I had never read Said and fell in love with him, and this book. His insights into the world of The Other -- a world I've inhabited basically forever -- are brilliant and poignant. Half-way through the book, I learned Said had died, which made me very sad, since I'd wanted to write to him.
caif
I very much connected with this book where Edward Said is narrating with great sincerity his feelings and interactions with the details influenced him and his upbringing as an Arab, Christian from rich family yet of Palestinian origin. Said reflects on his family chosen solitude and his own struggle to define himself across different worlds. The complexity of his relationship with his both parents,how he perceived them and how they placed their heavy expectations on his shoulders . The most touching parts for me where Said expresses intelligently the sorrow of losing a country the palace to come back to and how he transfers the sorrow in to creativity maintaining uncertainty and the capacity to question.
Fohuginn
This is a remarkable work of a truly fascinating man. Much of the memoir is dedicated to Edward Said's relationship with his mother and father. Said recounts the history of his father, a Palestinian, who went to America and possibly fought for it in the First World War. The father Wadie, later returned to Palestine and then moved on to Cairo to establish a great business success. The father comes across very typical Middle Eastern conservative authority figure with a rather peculiar but very strong American patriotism.
Said's mother, comes across as a truly fascinating woman; a Palestinian Lebanese Christian, who possessed a great passion for music, literature and original thought. In the tradition of the Middle Eastern mothers she had a large presence in the lives of her children. She was an original woman, who felt comfortable amongst the many different cultures of the middle east, yet held on to her views, which at times were at odds with her environment.
Said tells of the huge influence his mother had over him during her life and even after her death. The story of the mother's search for a passport, a nationality, her dislike of life in America, her eventual death in America are beautifully told by Said. The mother's early conversion to Nasser's cause is mentioned, it even alienated the mother from her Lebanese family, but Said never tells us where it led.
I loved Said's self analysis relating his behavior to his mother: "...I seem to have absorbed her worries, her tireless concern for details, her inability ever to be calm, her way of constantly interrupting herself, preventing a continuous flow of attention or concentration on anything." Said is capable of very vivid language indeed.
The school life of Said in Cairo is fascinating. He attended English Colonial schools, American and Egyptian schools in Cairo and eventually moved on to Massachusetts, Princeton and Harvard. Much of his pre college school life was problematic, at times there is too much dwelling and self-pity but it is largely interesting. On a week trip, with his mother, that for some not clearly explained reason left him indifferent to Egyptian Monuments, he says " ....I was relieved of the pressure and the continual anxiety of not getting anything right."
The "out of place" theme is repeated throughout the book, at times very eloquently told, " ...the habit of always being dressed differently from the natives, any natives." I do however find it remarkable that Said does not also seem to see how well he did apparently fit everywhere outside of his early Colonial school. In fact, from his stories at the American School in Cairo, Princeton, Harvard and mostly Victoria College in Cairo, you often see a fairly popular kid with many friends.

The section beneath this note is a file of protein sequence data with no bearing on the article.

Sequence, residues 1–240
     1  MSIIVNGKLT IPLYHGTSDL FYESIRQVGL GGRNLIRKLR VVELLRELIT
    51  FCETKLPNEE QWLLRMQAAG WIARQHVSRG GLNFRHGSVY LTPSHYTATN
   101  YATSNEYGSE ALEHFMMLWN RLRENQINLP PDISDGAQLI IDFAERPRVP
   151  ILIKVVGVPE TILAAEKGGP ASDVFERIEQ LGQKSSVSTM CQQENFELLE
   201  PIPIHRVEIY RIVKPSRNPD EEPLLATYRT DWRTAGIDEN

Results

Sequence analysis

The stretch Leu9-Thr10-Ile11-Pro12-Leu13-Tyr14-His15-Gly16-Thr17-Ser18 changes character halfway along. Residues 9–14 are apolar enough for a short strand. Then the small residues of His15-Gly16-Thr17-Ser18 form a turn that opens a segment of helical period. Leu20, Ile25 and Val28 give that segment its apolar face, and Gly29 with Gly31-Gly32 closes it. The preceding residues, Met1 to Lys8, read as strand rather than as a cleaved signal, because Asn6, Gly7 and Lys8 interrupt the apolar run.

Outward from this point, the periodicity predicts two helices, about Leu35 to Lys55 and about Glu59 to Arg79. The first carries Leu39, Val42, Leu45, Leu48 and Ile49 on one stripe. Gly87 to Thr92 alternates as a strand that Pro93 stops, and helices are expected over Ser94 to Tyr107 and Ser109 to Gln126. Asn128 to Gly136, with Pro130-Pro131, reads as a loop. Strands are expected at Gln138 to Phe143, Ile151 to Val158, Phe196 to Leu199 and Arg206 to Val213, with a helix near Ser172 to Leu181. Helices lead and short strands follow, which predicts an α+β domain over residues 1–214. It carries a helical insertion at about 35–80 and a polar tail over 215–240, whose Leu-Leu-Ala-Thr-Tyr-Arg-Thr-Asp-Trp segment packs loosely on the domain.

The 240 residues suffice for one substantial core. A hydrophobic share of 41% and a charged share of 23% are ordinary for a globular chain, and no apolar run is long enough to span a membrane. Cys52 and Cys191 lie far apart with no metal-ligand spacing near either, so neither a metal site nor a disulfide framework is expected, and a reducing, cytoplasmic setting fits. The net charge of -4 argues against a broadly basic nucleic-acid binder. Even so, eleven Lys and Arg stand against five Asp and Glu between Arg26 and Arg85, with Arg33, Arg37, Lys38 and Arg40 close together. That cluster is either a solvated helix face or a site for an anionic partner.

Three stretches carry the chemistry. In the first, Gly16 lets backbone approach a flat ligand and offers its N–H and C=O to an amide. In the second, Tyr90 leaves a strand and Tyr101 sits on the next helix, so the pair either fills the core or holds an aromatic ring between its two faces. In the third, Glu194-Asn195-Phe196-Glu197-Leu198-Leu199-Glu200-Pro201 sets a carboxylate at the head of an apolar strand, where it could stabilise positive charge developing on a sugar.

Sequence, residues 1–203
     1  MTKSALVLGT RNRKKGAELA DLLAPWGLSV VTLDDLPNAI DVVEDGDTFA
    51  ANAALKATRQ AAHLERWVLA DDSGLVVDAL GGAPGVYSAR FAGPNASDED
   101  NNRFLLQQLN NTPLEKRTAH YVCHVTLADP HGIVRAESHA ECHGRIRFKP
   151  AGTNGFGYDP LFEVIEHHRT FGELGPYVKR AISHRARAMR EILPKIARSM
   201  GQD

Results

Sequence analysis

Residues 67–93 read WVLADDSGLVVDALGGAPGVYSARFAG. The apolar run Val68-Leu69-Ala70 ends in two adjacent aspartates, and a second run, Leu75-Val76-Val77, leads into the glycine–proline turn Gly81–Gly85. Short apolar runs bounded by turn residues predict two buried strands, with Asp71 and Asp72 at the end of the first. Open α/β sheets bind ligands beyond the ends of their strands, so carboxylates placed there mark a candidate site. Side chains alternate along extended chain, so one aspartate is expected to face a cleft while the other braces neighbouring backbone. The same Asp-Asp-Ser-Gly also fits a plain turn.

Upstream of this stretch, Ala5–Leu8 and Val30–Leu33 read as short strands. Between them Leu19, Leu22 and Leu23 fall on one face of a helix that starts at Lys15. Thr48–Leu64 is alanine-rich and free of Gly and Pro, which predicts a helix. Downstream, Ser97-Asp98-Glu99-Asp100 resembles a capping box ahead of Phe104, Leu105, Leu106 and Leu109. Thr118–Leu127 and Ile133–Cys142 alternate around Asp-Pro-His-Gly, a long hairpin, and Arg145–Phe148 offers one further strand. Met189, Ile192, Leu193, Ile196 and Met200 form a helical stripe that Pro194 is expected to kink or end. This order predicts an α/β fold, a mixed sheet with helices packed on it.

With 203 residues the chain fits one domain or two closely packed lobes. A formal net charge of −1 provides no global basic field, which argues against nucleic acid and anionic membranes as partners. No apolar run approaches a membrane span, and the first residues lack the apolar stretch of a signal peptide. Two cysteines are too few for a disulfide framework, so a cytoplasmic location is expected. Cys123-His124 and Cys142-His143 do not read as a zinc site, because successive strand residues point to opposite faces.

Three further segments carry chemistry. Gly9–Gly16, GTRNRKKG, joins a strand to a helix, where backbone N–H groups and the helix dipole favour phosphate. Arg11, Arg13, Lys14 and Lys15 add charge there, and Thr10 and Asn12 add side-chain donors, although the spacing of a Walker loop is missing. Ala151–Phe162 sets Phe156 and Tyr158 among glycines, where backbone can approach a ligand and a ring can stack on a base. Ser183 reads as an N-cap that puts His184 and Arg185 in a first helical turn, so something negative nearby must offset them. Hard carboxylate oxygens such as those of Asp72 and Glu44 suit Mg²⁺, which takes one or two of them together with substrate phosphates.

I laughed out loud at the part describing his episode of revisiting Victoria College in 1989. He bribed his way in to show his family his old classroom, and later got thrown out by a woman wearing an "Islamic-style dress". Said proceeds to describe Victoria College in 89 as a "privileged Islamic sanctuary" that expelled him twice. The fact that the first time he got expelled was due to punching a kid and sending him to the hospital for a week and the second through trespassing both by his own admission does not seem to matter, in both cases, to him it was discrimination. Victoria College is a million miles away from being an Egyptian Islamic sanctuary, with a mixed high school. Said's self pity and righteousness is a times reminiscent of the Maggie Thatcher memoir, well no, not 10% as bad but it does detract a bit from the book.
There is one thing I hated about the book. Where is part two? Edward Said gives you so much detail about his early pre political life. I read this book, because I often find myself at odds with Edward Said's political views, I wanted to know more about the man. I thoroughly enjoyed "Out of Place" but it has not satisfied my desire to understand his viewpoint. I often thought that he simply fails to understand Egyptians and Egyptian attitudes but had no idea how much time he actually lived there.
This is a great book, very enjoyable and full of reflection. I gave it 4 stars only because as much as I loved it I could not bring myself to give it an identical rating to Leila Ahmed's Border Passage.
Uthergo
So sad we lost this brilliant mind way too soon. This is different from anything else he wrote. It tells the story of his childhood, who he was and where he came from with unbelievable candor.
AfinaS
This book provides insights into the people, places and experiences that shaped the man and his ideas. I believe he is trying to provide the backdrop for how his thoughts were shaped in the numerous books he produced over the years. This is not a summary or crescendo of the big ideas he worked on or through over the course of his life.
Zargelynd
Interesting perspective on an incredible author. The prose is not as compelling as After the Last Sky, but if you care for Said's books this memoir is worth your time
Kelezel
Revelation of a life-long struggle riding in the ever changing waves of cultural - political, identity-destroying turmoil of his-our time, an autobiography of a great mind .
fascinating story, good writer, check out his daughter's book "looking for Palestine"